The run-up to Election Day has been hectic, but investors should be relieved to know that the markets should continue to plod along and continue to help grow their wealth.
“History suggests that the advancements are about to get a whole lot better, irrespective of who wins the election. They always have,” Brian Levitt, Global Market Strategist, Invesco, said in a research note.
Levitt argued that there are five truths about politics and investing that are important to remember. For starters, hating the government is not an investment strategy. It is not required to have an overwhelming majority of the country approve of the president for U.S. equities market to go up. History has revealed that markets, historically, have performed best when the president’s approval rating was between 35 and 50.
Secondly, a divided government is not a prerequisite for sound market performance. US equities have historically performed best with a divided government. Since 1933, the best outcome for the S&P 500 Index based on partisan control was with Democrats in the White House and Senate, and Republicans controlling the House of Representatives. However, this combination only existed in four of the past 88 years from 2011-2015.
Third, specific market predictions based on election outcomes tend to be inaccurate. For example, many previously believed that the Obama-Biden ticket in 2008 was going to decimate the fossil fuel industry. But in Obama’s first term, advanced techniques for oil extraction drove production to a 45-year high and the Alerian Master Limited Partnership Index climbed by 93%. In 2016, many believed that Trump’s tax and regulatory policies would lead to a sustained interest rate hikes and support the financial sector, but that was not the case.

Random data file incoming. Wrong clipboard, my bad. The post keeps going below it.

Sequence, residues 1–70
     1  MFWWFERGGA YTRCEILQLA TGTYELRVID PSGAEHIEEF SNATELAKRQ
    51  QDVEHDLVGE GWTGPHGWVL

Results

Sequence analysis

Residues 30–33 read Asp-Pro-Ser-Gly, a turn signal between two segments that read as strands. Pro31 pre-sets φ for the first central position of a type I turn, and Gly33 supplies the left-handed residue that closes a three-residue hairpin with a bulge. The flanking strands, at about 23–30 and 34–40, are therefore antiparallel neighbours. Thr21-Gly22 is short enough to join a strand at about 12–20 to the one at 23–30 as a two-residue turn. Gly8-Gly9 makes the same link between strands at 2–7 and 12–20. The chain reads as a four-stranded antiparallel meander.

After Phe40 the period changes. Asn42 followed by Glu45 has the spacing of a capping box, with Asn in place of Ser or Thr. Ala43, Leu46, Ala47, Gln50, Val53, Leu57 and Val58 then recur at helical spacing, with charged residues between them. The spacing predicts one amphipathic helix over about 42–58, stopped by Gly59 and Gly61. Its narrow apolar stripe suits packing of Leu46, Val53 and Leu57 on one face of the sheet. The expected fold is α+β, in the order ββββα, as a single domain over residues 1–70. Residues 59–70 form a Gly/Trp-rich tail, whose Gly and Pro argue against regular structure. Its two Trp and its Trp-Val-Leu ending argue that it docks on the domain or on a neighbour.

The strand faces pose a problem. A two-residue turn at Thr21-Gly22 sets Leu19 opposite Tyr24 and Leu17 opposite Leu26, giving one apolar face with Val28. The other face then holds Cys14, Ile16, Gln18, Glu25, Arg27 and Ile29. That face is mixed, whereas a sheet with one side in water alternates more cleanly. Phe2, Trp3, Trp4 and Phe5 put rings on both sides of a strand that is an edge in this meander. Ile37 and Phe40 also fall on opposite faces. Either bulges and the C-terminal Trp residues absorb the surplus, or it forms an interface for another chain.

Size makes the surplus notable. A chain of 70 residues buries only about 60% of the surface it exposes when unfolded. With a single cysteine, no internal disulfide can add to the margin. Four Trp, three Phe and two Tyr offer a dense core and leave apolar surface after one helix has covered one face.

Fourth, starting points matter. Market outperformance during certain presidencies may be attributed to the market environment a new president inherited. For example, Reagan, Clinton, and Obama each became president at moments when the economy was in or recently coming out of recession, stocks were trading at historically cheap levels, and the Federal Reserve was easing financial conditions. Current conditions don’t seem far off either.
Lastly, Levitt argued that private sector ingenuity continues unabated. He highlighted business leaders whom are going to harness the powers of artificial intelligence and robotics, create the next generation of life sciences that can cure our most debilitating diseases, address the COVID crisis, continue to evolve the nation’s energy sources, and develop new technologies and new industries that aren’t even yet on our radar.
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